We sold the property for a lot of cash; beyond our wildest imagination. So, my yoghurt business got an expansion; from a rented place to ownership of factory, machines, delivery vans, display fridges and market presence from Abuja to Lagos, Kano, Port Harcourt, Maiduguri, Bauchi, Yobe, Kaduna and Jos. Apart from investing in the yoghurt business, we also invested in building six units 4 bedroom duplexes in Jabi, Abuja and has just repeated the process in some estates. Currently, I’m the secretary of the FCT chapter of Real Estate Developers Association of Nigeria. I must say that as rewarding as property development is, it can be very slow and capital intensive and if you don’t plan your cash flow very well, you may be rendered broke for years trying to sell. To mitigate the risk of going broke while building and selling, developers have devised the sell and build approach to estate development. That is to get buyers and use their money to build their parcel for them.
Question: What advice do you have for young entrepreneurs?
Answer: My advice to young entrepreneurs is to dream big but start small. Don’t give up when the going gets tough because it is going to get tough. Don’t be afraid of failure as failure is part of the process of winning; it is a stepping stone for progress, a pause for redirection and a blessing dressed as crisis. So when you fall, get up, dust yourself up and keep going. You will succeed; believe in yourself and in your ability to succeed.
Question: What key things have you learned doing business?
Answer: I have learned to be a lifelong student. I learn from books, ebooks, courses, seminars, Youtube, networking, forming strategic alliances and modelling successful business. Also, cash flow is the lifeblood that runs through the veins of a business. It is your duty as a business owner to keep cash flowing. Never run out of cash, never lose money.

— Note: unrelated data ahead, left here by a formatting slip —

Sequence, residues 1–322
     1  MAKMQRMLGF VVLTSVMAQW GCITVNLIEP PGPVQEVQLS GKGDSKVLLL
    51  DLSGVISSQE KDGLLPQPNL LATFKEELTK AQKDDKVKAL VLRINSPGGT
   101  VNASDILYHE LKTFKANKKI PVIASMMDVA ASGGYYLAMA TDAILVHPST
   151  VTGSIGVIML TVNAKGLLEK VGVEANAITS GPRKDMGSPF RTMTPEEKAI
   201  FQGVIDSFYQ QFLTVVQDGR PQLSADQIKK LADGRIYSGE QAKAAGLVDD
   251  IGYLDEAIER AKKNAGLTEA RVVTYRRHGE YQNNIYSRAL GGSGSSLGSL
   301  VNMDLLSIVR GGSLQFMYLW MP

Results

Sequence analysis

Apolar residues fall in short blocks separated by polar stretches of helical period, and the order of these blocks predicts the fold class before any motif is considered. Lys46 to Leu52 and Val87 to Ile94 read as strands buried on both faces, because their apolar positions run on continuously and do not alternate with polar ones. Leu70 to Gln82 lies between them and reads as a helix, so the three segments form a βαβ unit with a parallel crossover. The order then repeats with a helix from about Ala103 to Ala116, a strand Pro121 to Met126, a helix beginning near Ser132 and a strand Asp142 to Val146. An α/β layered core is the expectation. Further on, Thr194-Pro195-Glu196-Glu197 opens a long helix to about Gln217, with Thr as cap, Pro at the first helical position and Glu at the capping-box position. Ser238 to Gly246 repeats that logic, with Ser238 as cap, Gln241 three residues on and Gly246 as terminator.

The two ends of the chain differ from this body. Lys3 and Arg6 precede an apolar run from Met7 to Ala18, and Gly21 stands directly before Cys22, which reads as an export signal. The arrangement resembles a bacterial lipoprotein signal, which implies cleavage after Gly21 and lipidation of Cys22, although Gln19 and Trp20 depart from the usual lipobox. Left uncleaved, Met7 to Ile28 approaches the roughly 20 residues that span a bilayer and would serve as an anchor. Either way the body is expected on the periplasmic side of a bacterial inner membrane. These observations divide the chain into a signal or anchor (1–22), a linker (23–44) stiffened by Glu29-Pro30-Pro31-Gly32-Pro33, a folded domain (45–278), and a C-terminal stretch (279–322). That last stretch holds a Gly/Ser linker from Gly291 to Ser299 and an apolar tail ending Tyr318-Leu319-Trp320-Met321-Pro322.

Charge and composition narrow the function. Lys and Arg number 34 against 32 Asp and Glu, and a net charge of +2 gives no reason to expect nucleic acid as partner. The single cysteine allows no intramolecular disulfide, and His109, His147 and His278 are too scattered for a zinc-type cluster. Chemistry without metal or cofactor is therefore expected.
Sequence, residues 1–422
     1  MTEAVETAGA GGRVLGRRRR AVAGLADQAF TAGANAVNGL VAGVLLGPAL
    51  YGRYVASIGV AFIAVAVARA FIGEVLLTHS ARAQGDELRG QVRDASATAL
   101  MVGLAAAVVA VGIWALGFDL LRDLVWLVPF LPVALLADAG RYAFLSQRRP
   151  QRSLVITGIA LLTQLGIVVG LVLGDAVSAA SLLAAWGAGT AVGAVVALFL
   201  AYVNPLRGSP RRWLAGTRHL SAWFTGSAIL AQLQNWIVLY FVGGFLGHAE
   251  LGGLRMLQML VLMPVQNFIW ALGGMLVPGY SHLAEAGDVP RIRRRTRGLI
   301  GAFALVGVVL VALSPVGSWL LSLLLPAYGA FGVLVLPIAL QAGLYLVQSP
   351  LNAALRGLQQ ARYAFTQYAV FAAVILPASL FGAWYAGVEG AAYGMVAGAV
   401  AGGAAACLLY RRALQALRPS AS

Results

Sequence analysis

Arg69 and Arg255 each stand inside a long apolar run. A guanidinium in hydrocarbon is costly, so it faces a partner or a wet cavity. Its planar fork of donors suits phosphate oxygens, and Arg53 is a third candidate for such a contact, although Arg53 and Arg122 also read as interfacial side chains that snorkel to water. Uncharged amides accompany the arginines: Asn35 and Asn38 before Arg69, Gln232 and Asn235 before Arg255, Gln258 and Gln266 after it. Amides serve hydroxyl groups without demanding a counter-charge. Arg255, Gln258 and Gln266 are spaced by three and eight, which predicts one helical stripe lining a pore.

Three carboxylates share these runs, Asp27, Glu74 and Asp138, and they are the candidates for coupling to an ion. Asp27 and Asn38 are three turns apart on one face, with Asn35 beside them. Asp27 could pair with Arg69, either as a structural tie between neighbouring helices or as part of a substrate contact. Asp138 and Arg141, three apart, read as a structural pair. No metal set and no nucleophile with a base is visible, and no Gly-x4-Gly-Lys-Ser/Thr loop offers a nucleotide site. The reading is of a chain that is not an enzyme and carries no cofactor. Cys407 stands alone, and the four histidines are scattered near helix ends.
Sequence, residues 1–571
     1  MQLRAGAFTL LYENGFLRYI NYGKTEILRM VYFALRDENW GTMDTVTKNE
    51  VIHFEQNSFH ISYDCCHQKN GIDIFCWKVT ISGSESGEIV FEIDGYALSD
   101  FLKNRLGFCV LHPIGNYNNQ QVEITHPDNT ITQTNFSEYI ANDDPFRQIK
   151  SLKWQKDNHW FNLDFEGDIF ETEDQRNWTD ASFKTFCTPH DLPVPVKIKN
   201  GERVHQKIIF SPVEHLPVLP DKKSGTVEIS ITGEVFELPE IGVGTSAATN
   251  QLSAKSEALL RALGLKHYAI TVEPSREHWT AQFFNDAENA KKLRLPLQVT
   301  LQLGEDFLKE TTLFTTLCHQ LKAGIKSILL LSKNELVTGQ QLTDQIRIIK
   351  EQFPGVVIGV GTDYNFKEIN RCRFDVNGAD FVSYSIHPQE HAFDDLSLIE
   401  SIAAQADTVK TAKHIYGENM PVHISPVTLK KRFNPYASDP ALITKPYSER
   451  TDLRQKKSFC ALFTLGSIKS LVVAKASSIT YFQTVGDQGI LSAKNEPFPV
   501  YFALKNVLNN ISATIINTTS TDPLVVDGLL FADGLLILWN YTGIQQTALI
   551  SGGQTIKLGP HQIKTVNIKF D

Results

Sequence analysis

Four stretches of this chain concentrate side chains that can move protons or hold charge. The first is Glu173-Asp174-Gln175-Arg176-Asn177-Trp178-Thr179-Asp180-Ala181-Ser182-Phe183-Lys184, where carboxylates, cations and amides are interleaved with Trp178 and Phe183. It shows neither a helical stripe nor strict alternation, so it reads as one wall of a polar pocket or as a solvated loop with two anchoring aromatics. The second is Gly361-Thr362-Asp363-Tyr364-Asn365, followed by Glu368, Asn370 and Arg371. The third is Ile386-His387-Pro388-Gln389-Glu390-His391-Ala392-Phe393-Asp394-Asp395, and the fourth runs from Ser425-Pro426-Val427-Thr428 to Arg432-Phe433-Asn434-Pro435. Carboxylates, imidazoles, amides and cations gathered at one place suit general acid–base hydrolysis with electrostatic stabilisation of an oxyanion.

Question: How can we support and improve innovation in Nigeria?
Answer: Innovation is the art of creating something new; it could be new ideas, products, service, and improvement on existing ones, new markets, and new ways of doing business. Example of innovation includes but is not limited to television, smartphones, air plane, Uber, social media, flying cars etc. We can support and improve innovation in Nigeria by investing in generating new ideas, encourage and provide conducive environment for innovation, accept and allow mistakes, idea sharing, and we should also reward and award innovators . As individuals, we should have time to be absolutely alone all by ourselves for creative thinking. Also, watch Bloomberg business! It’s full of innovations. Again, model Silicon Valley entrepreneurs and other successful innovators around the world.
Question: What five things do start-up entrepreneurs need to know?
Answer: Know your why? Why you want to do the business. Ask yourself, can this particular business serve a purpose? Do your market survey and write your business plan before you start. Also, plan for each day, week, month, six months, one year, five years and 10 years. Always make sure to keep the cash flowing
Question: What advice do you have for other women entrepreneurs?
Answer: Don’t let anyone kill your dream! Believe in yourself and your ability to achieve your goals. Strive to have a work life balance. Also, know that we are not in competition with the men, but to complement each other. Support and promote other women. Strive for respect, recognition and inclusion in every decision making that affects your life and those of your family. That means going out to do whatever you are best at and you love doing e.g business, politics, home making, parenting, the list goes on.
Question: What is your educational qualification?
Answer: I am a BSc Economics graduate from the University of Maiduguri. Also, in 2016 I was awarded a Doctorate of Business Administration (DBA) by the Commonwealth University Belize in conjunction with the London graduate school.